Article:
“I ask especially how we can leverage strong female-to-female alliances to confront and change that there is no winning here as women,” said Judd.

If 2012 presidential election comes down to Internet savvy and knowledge, four more years for Barack Obama

with 2 comments

When John McCain ran for president in 2008, a lot was made about him not knowing the Internet, leading us to wonder if a president should be somewhat tuned into the Internet. Four short years later, we find Rick Santorum running for president who understands the Google. The one skill he hasn’t learned is finding things on the Internet that are true.

Euthanasia of old people in the Netherlands. Not teaching American History in the University of California system. Rick Santorum found these on the Internet. The stories weren’t true; then again, that would have been easy to check on the Google, so maybe Santorum’s Internet skills need fine-tuning. Now that he has dropped out of the race, Santorum can take those lessons.

Mitt Romney hasn’t talked about his Internet skills. But if Romney is elected in 2012, he will be the 4th oldest person to be inaugurated. Ronald Reagan, William Henry Harrison, and James Buchanan comprise the top three.

Jon Stewart had a bit of fun with Obama engaging his supporters through social media, but Stewart won’t have to worry about doing a similar story on Romney.

The Internet has been bad news for Romney because people who do know how to use “the Google” can find out where Romney stood on positions that the former Massachusetts governor has changed. There is even video of some of those moments. You can even find the speech where Barack Obama quoted John McCain that Romney manipulated in his first ad as Obama saying it about himself.

George W. Bush was the last Republican who skated through without having his record seriously questioned. And look at what happens when the press fails to do its job. Would have been easier to find that DUI conviction or the real truth behind what he did (or didn’t do) in Alabama in the National Guard.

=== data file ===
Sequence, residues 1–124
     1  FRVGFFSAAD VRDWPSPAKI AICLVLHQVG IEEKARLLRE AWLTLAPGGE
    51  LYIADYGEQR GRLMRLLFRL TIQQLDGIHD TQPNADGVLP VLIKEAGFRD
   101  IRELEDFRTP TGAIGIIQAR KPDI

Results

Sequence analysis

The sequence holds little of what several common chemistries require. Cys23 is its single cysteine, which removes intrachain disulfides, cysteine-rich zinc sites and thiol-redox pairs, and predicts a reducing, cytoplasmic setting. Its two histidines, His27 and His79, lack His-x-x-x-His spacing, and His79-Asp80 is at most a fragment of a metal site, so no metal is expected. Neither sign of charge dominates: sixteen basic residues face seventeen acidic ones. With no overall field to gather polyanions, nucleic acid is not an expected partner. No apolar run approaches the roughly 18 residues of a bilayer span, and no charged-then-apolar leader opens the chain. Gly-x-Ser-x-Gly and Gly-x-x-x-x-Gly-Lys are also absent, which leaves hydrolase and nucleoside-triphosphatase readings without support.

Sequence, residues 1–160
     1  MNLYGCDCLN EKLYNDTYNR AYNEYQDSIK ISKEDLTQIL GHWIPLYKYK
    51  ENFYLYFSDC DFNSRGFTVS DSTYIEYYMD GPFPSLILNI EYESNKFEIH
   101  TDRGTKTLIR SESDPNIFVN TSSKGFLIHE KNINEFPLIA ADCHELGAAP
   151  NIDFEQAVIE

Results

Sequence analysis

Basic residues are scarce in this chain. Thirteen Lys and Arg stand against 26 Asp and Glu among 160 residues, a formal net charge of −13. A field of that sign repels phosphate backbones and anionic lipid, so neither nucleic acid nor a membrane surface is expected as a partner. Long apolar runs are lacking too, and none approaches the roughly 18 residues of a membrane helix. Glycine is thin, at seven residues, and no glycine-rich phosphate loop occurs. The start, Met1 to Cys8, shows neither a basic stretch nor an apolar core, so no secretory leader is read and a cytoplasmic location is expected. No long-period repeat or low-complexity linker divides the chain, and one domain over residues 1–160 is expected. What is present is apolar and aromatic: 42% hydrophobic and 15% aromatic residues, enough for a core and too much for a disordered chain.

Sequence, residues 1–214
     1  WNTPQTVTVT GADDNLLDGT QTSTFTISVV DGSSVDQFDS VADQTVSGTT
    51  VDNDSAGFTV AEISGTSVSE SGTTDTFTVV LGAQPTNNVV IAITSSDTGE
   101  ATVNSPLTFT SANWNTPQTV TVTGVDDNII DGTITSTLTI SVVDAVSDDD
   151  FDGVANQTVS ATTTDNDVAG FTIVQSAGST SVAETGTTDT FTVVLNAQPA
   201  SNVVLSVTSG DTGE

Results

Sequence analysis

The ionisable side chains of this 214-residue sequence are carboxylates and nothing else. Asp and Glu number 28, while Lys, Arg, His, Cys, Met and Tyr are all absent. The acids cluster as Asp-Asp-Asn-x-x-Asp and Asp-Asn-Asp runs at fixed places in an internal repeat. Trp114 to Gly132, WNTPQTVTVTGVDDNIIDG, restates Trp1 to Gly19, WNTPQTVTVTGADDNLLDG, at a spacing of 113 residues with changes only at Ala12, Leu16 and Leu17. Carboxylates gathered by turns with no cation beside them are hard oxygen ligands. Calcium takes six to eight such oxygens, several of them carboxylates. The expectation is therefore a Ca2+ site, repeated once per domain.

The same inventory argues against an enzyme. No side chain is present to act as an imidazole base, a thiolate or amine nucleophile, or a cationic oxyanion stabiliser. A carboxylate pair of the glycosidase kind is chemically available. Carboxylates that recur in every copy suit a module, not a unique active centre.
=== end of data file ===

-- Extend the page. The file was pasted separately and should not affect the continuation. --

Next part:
Perhaps it isn’t fair to conclude that the Dems understand the Internet better than Republicans. This has been true, so far, but the cluelessness (and age, somewhat) of the GOP candidates has been a factor. Santorum is three years older than Obama, but in terms of the Internet, Obama is light years ahead.

This doesn’t even factor in the modern definition of Santorum, thanks to Dan Savage and his readers.

Barack Obama had the advantage four years ago with the youth vote thanks to his advantage with the Internet. Now we have a new fresh batch of the 18-22 years old potential voters. The only Republican strategy in dealing with these people is passing laws to restrict their ability to vote. While Romney is the best-looking 65-year-old not in Hollywood, when it comes to the Internet, you are as old as you use the Internet. On that level, Obama has the advantage once again.

In 2008, Hillary Clinton had no chance to win the Democratic nomination. Still, we had 6 weeks of hanging out in Pennsylvania, waiting for the commonwealth’s primary. The 2012 wait won’t be as dramatic, since the pundits were mostly turning up the heat for Santorum to leave the race. Pennsylvania is Santorum’s home state; perhaps losing his last election there by 18 points played a role. Santorum had just come back after dealing with his daughter who was hospitalized. Hope she’s doing better.

Santorum had seen himself as the 1976 version of Ronald Reagan. Or perhaps as “Rocky” (also from Pennsylvania), who did lose in the original film but later came back to win. Mitt Romney is Gerald Ford in that scenario, though Ford was the incumbent. The conservatives were howling so loud in 1976 that Ford was forced to dump Nelson Rockefeller as his running mate, marking the last time that a sitting VP wasn’t on the national ticket. Yes kids, Bob Dole was seen as being more conservative in 1976 than Nelson Rockefeller.

A major hole in Santorum’s theory is that conservatives have made inroads in the last 30 years, so they control the energy of the GOP. Dole and Reagan would have no chance in the 2012 version of the GOP. While the old version of Romney might have been comfortable in the GOP in the era where Dole ran for president (1996), the new Romney would have been seen as too conservative in 1996. Then again, Santorum would have know this if he had taken a class in American history with those snobs in college.

Katie Couric never got fired for making similar ‘mistake’ to NBC producer fired for editing George Zimmerman phone call